American Silences: The Realism of James Agee, Walker Evans, and Edward Hopperby Joseph Ward (Editor), Richard Goodman
In American Silences, Joseph Anthony Ward offers a unique analysis of the use and effects of silence in modern American realistic art. Beginning with the nineteenth-century literature that laid the foundation for silence in art, he moves to a brief analysis of Sherwood Anderson's Winesburg, Ohio and Ernest Hemingway's In Our Time,/b>/b>/b>
In American Silences, Joseph Anthony Ward offers a unique analysis of the use and effects of silence in modern American realistic art. Beginning with the nineteenth-century literature that laid the foundation for silence in art, he moves to a brief analysis of Sherwood Anderson's Winesburg, Ohio and Ernest Hemingway's In Our Time, showing how they, along with several other crucial works of twentieth-century American realism, incorporate the power of the silent into their expression without sacrificing the subjects and techniques of traditional realism.
Examining Let Us Now Praise Famous Men, James Agee's commentary on the life of tenant farmers, documented with photographs by Walker Evans, Ward traces the book's pattern of ""silence, then silence disturbed by sound, and ultimately silence restored."" Ward further supports his theory with a study of Agee's A Death in the Family and Evans' American Photographs. Ward sees Agee's admiration of photography as a connection between the silence of the scenes he writes about and the silence of Evans' photographs. The use of silence is perhaps even more obvious in the paintings of Edward Hopper. Although throughout the book Ward suggests both the positive and negative qualities of silence in art, Hopper's paintings provide little in the way of postiveness.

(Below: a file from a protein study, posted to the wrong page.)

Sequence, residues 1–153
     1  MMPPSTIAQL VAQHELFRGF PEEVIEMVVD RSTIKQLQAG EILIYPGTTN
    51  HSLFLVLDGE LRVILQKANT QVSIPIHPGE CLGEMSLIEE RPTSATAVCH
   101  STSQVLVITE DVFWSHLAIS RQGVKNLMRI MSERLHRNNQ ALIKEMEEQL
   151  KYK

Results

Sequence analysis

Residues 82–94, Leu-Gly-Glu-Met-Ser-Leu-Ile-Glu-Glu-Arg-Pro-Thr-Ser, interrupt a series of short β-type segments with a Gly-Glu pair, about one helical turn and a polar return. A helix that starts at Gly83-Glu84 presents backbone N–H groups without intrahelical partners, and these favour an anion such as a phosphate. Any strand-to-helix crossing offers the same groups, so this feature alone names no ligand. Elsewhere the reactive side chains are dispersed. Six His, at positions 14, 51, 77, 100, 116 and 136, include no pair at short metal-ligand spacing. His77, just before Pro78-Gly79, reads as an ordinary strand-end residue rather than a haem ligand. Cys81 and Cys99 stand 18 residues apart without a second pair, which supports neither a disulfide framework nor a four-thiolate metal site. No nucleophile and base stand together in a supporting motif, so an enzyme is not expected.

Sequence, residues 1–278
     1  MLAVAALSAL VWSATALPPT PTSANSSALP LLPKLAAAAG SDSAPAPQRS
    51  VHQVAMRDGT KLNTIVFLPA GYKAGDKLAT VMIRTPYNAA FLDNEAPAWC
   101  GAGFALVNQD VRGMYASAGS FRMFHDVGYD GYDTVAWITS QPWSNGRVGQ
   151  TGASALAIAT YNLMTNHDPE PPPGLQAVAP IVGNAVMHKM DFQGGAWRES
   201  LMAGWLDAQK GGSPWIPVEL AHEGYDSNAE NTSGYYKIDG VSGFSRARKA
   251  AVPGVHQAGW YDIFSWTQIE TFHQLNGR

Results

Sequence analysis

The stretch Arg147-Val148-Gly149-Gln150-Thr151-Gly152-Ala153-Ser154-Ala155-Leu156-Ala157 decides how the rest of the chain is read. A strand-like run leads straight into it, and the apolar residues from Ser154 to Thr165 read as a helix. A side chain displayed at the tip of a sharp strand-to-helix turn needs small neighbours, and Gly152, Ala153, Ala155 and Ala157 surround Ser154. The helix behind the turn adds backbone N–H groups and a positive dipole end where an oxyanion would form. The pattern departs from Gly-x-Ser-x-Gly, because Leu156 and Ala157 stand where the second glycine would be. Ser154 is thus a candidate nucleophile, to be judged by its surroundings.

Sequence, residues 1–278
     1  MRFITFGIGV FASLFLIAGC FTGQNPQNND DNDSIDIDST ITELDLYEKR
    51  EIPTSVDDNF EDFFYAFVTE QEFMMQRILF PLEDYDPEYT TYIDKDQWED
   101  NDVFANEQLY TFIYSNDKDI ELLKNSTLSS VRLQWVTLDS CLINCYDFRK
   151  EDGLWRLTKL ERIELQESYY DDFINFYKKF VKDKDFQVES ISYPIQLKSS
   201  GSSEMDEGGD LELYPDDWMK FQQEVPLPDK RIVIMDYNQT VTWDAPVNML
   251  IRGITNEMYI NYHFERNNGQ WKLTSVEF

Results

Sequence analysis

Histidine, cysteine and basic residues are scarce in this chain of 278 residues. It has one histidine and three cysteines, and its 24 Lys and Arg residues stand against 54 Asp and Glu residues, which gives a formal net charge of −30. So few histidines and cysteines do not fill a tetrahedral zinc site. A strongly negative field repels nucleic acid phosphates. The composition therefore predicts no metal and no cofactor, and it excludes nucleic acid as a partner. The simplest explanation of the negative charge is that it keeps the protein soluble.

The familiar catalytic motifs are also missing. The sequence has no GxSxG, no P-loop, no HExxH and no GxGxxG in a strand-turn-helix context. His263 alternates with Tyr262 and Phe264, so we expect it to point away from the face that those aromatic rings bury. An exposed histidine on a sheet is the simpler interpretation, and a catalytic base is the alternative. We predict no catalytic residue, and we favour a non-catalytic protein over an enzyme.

For Ward, the art of silence is an art of extreme concentration that seeks essences rather than superficiality that nearly transcends realism itself. The theme of silence in American realism is a significant new one, but Ward's interpretation of the prose and his analysis of the photographs and paintings, many of which are reproduced in this book, establish validity for art as the voice of silence.
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Meet the Author
Joseph Anthony Ward was professor of English at Rice University and author of The Imagination of Disaster: Evil in the Fiction of Henry James and The Search for Form: Studies in the Structure of James’s Fiction.
Richard Goodman is the author of French Dirt: The Story of a Garden in the South of France and The Soul of Creative Writing. He has written for the New York Times, Vanity Fair, Harvard Review, Saveur, Commonweal, Creative Nonfiction, Louisville Review, Ascent, French Review, and the Michigan Quarterly Review. He teaches creative nonfiction at Spalding University’s Brief Residency MFA in Writing Program in Louisville, Kentucky.
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